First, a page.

By the 1920’s, Halloween was becoming more standardized in practice and in design into the holiday that we recognize today. Most decorations on offer for purchase were in the form of “die-cuts” – basically paper decorations – as these were easily disposable. You probably still see die-cuts used to this day – think of the sort of cute, paper Halloween decorations that were hung up around school. In the 1930’s, trick-or-treating was practised more widely around the United States, prompting the popularity of decorations that were more cute than creepy. From then onward, Halloween was more of a children’s holiday (Eddy 2016).

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A small selection from the 2017 TransWorld Halloween and Attractions Show (Photo Credit: Chelsea T., Haunts.com)

Today, Halloween has become entwined with modern consumerist culture – in fact, Americans spent approximately 9.1 billion dollars on Halloween decorations and costunes (Mitchell 2017). And that’s not surprising given today’s emphasis on consumerism, which has tied itself to concepts of nostalgia and pop culture that now seem to propel many modern day traditions for Halloween – from dressing up as your favourite 90’s television character to hosting a marathon of “classic” horror films. Trends in consumption and aesthetics have also added to the holiday’s general popularity – by 2010, Halloween has become the most popular non-Christian holiday in the United States (Moss 2013).

With these changes in popularity and material trends, there has also been a significant shift in the main demographic for Halloween – although still enjoyed by children and young people, there has been a rise in popularity for adult Halloween costumes and adult-oriented celebrations, like Halloween parties organized at clubs, bars, and pubs (Belk 1990).

This trend can also be seen in the movement towards associating Halloween with the truly terrifying and gory. Due to advances in technology, computer animation, and prosthetics, modern day horror media has never been more elaborate and realistic in their grim and grisly details. This has also been carried over to amateur Halloween decorations, with homemade haunted houses and terrifying attractions taking the place of trick-or-treat spots (for some of the most spectacular looking Halloween decorations and costumes, check out the TransWorld Halloween Showcase).

So, what can we see from this brief history of Halloween trends and patterns in material culture? Well, its hard to say – especially as the origins of the holiday are still widely debated. However, we could argue that Halloween has consistently been a holiday of invoking what is otherwise taboo – whether that’s communicating with spirits and saints, demanding treats and sweets from strangers and neighbours alike, playing pranks, or even just dressing a bit differently than what’s considered “normal”! Like most other popular holidays, Halloween has become entwined with consumerism and rooted to pop culture by a variety of tropes and customs. And yet, we could also say that it remains a holiday truly rooted in tradition – from the carving of Jack-o-Lanterns to trick-or-treating, these traditions have been carried over from one continent to another and have lasted hundreds of years…I think its safe to say that they don’t seem like they’ll be going away any time soon.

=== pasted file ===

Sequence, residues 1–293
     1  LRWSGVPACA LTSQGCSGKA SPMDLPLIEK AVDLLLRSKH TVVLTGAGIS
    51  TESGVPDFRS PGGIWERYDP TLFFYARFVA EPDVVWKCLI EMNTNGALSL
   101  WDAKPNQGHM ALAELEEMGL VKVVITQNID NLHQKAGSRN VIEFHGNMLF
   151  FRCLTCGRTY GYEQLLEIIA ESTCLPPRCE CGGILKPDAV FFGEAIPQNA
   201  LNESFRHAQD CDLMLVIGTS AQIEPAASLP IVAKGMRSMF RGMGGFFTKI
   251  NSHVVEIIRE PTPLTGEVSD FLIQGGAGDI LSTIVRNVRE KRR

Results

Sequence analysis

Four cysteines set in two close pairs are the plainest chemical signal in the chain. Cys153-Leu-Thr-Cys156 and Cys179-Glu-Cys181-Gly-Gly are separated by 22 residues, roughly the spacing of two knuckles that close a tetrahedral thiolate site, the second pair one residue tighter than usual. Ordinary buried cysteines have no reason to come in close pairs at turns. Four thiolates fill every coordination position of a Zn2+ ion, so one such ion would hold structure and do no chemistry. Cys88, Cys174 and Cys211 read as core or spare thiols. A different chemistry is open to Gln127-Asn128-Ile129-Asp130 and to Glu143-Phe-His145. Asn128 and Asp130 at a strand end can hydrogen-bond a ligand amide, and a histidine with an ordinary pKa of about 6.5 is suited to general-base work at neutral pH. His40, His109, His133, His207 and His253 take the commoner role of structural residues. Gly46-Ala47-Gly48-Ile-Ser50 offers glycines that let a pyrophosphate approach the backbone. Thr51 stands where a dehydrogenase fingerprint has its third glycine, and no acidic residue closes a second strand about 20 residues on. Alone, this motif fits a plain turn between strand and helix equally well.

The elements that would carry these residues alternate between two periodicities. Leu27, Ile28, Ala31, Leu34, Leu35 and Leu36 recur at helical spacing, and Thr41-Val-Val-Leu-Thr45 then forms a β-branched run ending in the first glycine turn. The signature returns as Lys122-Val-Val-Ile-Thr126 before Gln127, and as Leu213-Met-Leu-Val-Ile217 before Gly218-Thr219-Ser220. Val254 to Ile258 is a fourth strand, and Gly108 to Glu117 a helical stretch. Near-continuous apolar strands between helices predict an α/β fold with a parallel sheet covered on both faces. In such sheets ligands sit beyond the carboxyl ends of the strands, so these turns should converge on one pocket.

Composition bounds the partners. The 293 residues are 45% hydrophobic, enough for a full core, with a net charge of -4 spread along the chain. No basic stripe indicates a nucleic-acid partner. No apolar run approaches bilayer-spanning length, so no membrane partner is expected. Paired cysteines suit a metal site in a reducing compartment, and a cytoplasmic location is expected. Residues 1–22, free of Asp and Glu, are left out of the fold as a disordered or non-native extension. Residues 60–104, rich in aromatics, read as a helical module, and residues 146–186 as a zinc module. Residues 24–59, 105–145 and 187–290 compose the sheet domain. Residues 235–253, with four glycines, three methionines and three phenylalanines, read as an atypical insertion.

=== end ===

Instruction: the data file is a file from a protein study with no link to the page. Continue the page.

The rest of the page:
Have a safe and happy Halloween, everyone!

References

Bannatyne, L. (1998) Halloween: An American Holiday, an American History. Pelican Publishing Company.

Belk, R.W. (1990) Halloween: An Evolving American Consumption Ritual. Advances in Consumer Research. pp. 508-517.

Eddy, C. (2016) The History of Modern Halloween, as Seen Through its Decorations. Gizmodo. https://io9.gizmodo.com/the-history-of-modern-halloween-as-seen-through-its-de-1788207372

Ledenbach, M.B. (2018) Halloween Collector. www.halloweencollector.com

Mitchell, N. (2017) Halloween Decorating Hasn’t Been Around as Long as You Think. Apartment Therapy. https://www.apartmenttherapy.com/the-rather-modern-history-of-halloween-decorations-249863

Moss, C. (2013) Halloween: Witches, Old Rites, and Modern Fun. BBC: Religion & Ethics. http://www.bbc.co.uk/religion/0/24623370

Rogers, N. (2002) Halloween: From Pagan Ritual to Party Night. Oxford University Press.

Selfies with the Dead: ‘Shadow of the Tomb Raider’ and the Dehumanisation of Human Remains

Content Warning: Discussion of human remains in this blog post. No actual images of human remains are used, however there are images of digital human remains from the Shadow of the Tomb Raider video game, so please be advised.